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Thomas Datre Jr., mother Clara Datre, sister Gia Gatien due in court Tuesday; face wage charges over Daytree workers in Sandy cleanup, sources say

Clara Datre during an interview on Thursday, May

Clara Datre during an interview on Thursday, May 15, 2014 at the News 12 office in Woodbury. Credit: News 12

Three members of the politically influential Datre family were to appear in a Suffolk County court Tuesday to answer charges that they failed to pay their employees the state's prevailing wages for tree-trimming work in the Town of Islip, sources said.

Thomas Datre Jr., 41, of St. James, his mother, Clara Datre, 67, and his sister Gia Gatien, 37, of Hauppauge, are to be arraigned before State Supreme Court Justice Fernando Camacho in Central Islip, the sources said.

The court appearance will be the second in as many days for Thomas Datre Jr., who was arraigned Monday on criminal charges stemming from Suffolk County District Attorney Thomas Spota's investigation into the dumping of hazardous waste in Roberto Clemente Park in Brentwood and at three other sites.

His father, Thomas Datre Sr., also was charged with crimes related to Spota's dumping investigation Monday.

After their court appearances, both men were released without bail, as were two former Islip Town employees and two contractors.

The charges the three Datre family members will face in court Tuesday involve failure to pay state-mandated prevailing wages to employees of Daytree at Cortland Square, a family-owned firm whose president is Clara Datre, the sources said.

The prevailing-wage crime allegations stem from the Datres' filing certified payrolls that portrayed falsely what tree-trimming workers were paid, the sources said.

The Daytree at Cortland Square firm also faces charges of filing false business records, the sources said. Last spring, the Town of Islip formally said the company is responsible for the dumping in Clemente Park.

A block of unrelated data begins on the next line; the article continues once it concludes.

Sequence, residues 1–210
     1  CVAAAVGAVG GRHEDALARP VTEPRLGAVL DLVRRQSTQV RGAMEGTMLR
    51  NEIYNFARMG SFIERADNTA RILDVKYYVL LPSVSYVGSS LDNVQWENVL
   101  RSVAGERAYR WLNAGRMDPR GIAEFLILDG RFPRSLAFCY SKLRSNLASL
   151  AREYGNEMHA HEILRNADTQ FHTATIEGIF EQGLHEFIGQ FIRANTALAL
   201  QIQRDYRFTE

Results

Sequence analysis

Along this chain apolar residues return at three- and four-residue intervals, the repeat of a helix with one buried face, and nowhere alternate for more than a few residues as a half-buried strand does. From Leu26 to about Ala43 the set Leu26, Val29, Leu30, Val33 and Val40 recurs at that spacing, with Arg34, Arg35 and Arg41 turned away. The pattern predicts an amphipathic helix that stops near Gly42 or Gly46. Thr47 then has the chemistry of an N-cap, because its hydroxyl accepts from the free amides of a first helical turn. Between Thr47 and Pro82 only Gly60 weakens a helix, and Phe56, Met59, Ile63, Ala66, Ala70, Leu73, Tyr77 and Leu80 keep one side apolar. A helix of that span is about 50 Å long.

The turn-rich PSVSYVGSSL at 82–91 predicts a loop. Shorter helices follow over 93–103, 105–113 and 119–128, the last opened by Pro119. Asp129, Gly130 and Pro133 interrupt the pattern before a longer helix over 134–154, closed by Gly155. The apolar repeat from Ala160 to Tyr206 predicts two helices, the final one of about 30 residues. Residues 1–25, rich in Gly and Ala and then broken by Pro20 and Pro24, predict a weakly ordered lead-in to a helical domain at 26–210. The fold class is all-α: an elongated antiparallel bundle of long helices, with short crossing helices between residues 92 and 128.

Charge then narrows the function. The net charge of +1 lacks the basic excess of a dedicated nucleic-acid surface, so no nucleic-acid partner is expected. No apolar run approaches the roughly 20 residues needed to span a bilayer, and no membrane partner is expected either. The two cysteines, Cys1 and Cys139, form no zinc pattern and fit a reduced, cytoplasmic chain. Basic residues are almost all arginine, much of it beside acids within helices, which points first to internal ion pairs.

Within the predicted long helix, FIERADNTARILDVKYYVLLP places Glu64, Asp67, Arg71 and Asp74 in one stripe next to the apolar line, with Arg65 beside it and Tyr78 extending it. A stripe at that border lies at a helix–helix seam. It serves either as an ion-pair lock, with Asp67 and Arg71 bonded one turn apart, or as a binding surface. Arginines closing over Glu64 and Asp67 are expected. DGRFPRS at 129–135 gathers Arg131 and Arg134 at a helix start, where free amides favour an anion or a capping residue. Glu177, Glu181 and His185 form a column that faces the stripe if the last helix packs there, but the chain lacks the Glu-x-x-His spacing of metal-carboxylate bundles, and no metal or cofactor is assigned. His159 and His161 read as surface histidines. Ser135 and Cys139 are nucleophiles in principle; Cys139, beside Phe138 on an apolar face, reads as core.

If convicted on prevailing-wage charges, the firm could face fines and be barred from bidding on public contracts.

The Datres have been prominent fundraisers in Islip for years. Clara Datre lost an election for Islip Town supervisor as a Republican in 2007. She and her husband contributed, or helped raise through fundraisers, hundreds of thousands of dollars for the town GOP committee headed by Frank Tantone, as well as for the town Conservative Party.

Detectives with Spota's office in May executed a search warrant at the Ronkonkoma office of Daytree at Cortland Square. The search was conducted as part of Spota's investigation of hazardous material dumping at the Brentwood park.

Daytree at Cortland Square in October 2012 won a tree-trimming contract in the Town of Islip after a competitive bidding process. That contract brought in almost $360,000 to the Datre family firm in 2013, Clara Datre told Newsday in a May interview.

The company won the tree-trimming contract three weeks before superstorm Sandy barreled onto Long Island. Islip officials chose the Datre firm as one of 24 contractors hired to clean up storm debris.

Daytree at Cortland Square billed the Town of Islip $680,000 for the cleanup work, which was work done on an emergency basis and not subject to competitive bidding, according to town officials and invoices.

Newsday reported a year ago that state labor law governing how Sandy cleanup workers should be paid was violated repeatedly in the aftermath of the storm, potentially depriving hundreds of workers of thousands of dollars in wages and benefits.

In June, Looks Great Services Inc., a Huntington tree-trimming firm, pleaded guilty in a Suffolk County court to underpaying workers in violation of prevailing-wage laws. In all, 53 workers were to share more than $260,000 in unpaid wages as part of an agreement worked out with prosecutors.

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